Luke Allnutt has a thoughtful piece on RFE/RL asking the above question: Would anonymity help activists on Facebook? His response, “maybe not,” relies on the idea that anonymity would be extended only to those with special “activist status,” something I haven’t heard concretely argued as a potential model but which is nonetheless troubling. Allnutt writes:
If Facebook had a special “activist’s status,” where it officially allowed some accounts to be pseudonymous, where does it draw the line? I would assume that as long as they’re not advocating violence or hate speech, then any activist would be entitled to such protection– that would mean Middle East democracy fighters, but also anti-gay groups or guys from the English Defense League. Who gets to choose which activists are acceptable and which aren’t?
Connected to the first point is the logistics. How would one prove they are an activist to get a special status? It’s not like activists can fax off their membership cards even if they had them, especially with a move toward more leaderless, loose groupings.
First off, since I’m quoted in his piece, I’ll say this: I have never, and would never, argue for a special status for activists on Facebook. Which bring me to my next point: How we got to the anonymity argument in the first place.
A year ago, as I was beginning to write Policing Content in the Quasi-Public Sphere, I considered, briefly, arguing for anonymity on Facebook but then decided it was a waste of time. Like Allnutt concludes, “Facebook isn’t going to change its real-name policy.” Unfortunately, I’m inclined to agree, and thus have–until recently–made that a low priority in my arguments against the company.
Rather, there are a few other fundamental issues at stake regarding the platform, which I believe would go far in solving a large number of the issues activists face with the real name policy. You’ve heard most of this before, but hear me out:
- Facebook’s Terms of Service are still not available in major world languages. I haven’t done a recent count lately, but last I checked, the platform was available in 100+ languages, but the TOS were only available in 7. A quick check shows that the TOS still aren’t in Arabic or Persian. Again, I will ask: How can someone consent to a set of rules that they can’t read in their native language?
- Facebook offers a limited appeals process that sometimes requires sending in government-issued ID. So, let’s assume for a moment that a person using their real name–like Najat Kessler did–has their account deactivated, erroneously, for using a pseudonym. That person will be, in most cases, asked to send in a government-issued ID. Am I the only one that sees major security risks in doing so? I realize that Facebook is trying to protect against spammers in this instance, but if someone has a well-formed name, with photos of him or herself, I simply don’t understand the harm in taking them for their word. Which brings me to my next point…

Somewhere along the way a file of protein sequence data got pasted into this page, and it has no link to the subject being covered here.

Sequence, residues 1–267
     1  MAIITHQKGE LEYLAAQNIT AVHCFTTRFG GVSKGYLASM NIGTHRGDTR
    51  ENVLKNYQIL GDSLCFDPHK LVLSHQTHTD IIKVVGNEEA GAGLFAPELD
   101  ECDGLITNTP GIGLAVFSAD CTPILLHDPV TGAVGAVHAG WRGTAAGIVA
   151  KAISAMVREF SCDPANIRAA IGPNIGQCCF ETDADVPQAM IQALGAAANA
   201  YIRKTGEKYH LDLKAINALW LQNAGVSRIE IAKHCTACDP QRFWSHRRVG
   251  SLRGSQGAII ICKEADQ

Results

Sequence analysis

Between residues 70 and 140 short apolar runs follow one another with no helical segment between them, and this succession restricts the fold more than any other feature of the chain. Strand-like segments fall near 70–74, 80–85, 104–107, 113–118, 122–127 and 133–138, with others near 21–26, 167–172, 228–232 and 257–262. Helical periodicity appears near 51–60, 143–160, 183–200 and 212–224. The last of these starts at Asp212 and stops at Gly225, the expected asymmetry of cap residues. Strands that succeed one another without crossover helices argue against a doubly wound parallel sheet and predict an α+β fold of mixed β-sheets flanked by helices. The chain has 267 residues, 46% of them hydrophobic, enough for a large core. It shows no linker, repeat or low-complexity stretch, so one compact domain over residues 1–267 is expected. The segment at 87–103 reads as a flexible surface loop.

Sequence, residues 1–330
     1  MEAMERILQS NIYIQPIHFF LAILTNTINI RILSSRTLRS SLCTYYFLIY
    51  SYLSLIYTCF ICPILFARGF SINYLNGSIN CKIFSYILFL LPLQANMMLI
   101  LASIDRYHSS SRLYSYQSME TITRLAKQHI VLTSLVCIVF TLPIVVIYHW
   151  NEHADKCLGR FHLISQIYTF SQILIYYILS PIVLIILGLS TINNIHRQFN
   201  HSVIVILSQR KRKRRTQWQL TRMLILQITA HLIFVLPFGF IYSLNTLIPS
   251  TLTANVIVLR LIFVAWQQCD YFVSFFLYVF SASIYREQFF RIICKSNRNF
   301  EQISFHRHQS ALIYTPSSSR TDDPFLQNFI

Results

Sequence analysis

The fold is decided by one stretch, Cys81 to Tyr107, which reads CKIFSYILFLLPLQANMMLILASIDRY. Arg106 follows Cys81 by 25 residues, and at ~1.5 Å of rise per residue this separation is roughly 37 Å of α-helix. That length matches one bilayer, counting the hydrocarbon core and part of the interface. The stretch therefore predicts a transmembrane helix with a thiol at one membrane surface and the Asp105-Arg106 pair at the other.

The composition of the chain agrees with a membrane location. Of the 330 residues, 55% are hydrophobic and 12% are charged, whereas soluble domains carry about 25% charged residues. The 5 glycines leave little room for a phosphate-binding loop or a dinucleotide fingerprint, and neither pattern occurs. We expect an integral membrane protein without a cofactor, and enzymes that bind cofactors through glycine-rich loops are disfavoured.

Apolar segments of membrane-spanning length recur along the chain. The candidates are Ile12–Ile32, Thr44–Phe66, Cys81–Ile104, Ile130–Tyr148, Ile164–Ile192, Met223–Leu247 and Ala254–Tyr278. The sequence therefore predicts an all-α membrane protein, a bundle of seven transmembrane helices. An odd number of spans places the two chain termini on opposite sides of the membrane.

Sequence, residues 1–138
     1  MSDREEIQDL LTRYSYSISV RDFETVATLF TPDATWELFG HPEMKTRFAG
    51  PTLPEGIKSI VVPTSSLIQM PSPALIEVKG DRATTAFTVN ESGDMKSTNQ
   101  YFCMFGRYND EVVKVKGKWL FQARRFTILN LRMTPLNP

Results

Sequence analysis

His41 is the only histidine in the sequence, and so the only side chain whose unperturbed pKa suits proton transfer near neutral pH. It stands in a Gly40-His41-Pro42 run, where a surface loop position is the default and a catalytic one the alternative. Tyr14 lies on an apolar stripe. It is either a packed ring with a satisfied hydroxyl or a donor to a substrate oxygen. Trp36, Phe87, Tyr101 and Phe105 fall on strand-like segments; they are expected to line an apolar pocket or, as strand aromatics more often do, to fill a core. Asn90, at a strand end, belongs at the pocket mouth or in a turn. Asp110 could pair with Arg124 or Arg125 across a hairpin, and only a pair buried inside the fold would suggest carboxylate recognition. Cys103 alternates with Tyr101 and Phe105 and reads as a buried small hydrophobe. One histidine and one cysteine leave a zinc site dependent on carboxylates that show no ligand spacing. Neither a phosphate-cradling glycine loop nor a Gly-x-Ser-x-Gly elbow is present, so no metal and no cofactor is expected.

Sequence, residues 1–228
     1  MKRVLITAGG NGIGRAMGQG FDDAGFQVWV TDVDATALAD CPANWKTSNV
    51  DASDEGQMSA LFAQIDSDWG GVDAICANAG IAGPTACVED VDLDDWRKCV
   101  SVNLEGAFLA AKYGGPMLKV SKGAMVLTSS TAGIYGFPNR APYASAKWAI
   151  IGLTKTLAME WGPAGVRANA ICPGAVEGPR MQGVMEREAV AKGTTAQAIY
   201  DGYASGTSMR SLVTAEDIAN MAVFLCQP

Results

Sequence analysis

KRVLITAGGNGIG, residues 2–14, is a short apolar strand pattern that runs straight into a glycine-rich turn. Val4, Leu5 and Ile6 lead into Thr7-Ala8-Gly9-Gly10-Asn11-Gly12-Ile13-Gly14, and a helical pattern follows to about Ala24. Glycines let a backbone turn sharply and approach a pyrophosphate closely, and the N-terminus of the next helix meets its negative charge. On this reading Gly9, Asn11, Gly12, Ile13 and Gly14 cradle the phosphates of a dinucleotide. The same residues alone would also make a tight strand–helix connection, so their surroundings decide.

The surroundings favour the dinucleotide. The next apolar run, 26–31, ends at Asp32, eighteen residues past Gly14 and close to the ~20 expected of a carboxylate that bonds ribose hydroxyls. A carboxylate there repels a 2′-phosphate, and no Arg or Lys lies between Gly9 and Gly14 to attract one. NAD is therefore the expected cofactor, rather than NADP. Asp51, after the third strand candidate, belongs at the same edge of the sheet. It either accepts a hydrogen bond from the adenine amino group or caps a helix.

- Where’s the appeals process? In a perfect world, someone like Najat Kessler would be able to easily assert her identity when asked, and be taken on her word. But in Kessler’s case, she wasn’t even taken on her ID, which she duly sent in to Facebook after being requested. Her account was never returned to her, despite following the rules.
- The “real name policy” is not evenly enforced. Activists–who often have easy enemies–and semi-famous people are the targets of the policy. Why? Facebook’s TOS are largely peer-enforced, which means that if I don’t like you, all I have to do is report you–or bully a bunch of other people into reporting you–as using a fake name. Your account is then sent into Facebook’s review; sometimes nothing happens, other times, your account is deactivated. The problem here is that your average Santa Claus or Mickey Mouse (see below) is a relative unknown, with no enemies to report him or her, which means that he/she is allowed to remain in the system while folks like Michael Anti–using his widely-known English pen name on the system instead of his lesser-known legal Chinese name–are kicked out.
So, is allowing anonymity the solution? Maybe, maybe not. I can honestly say I’d like to see points 1-4 taken care of more than I care about Facebook allowing pseudonyms.
That said, part of the reason I’ve advocated for allowing pseudonyms is that I think the benefit outweighs the harm. Others have argued that opening up Facebook to the anonymous masses makes it less safe; the truth is, the pseudonymous masses are already there. This doesn’t change reality, it only changes policy.
And as Facebook increasingly becomes a part of all of our daily lives, it becomes more and more difficult to tell activists to just “take their content elsewhere.” While it’s true that there are a number of other platforms on which activists can operate anonymously, Facebook is simply where the network is.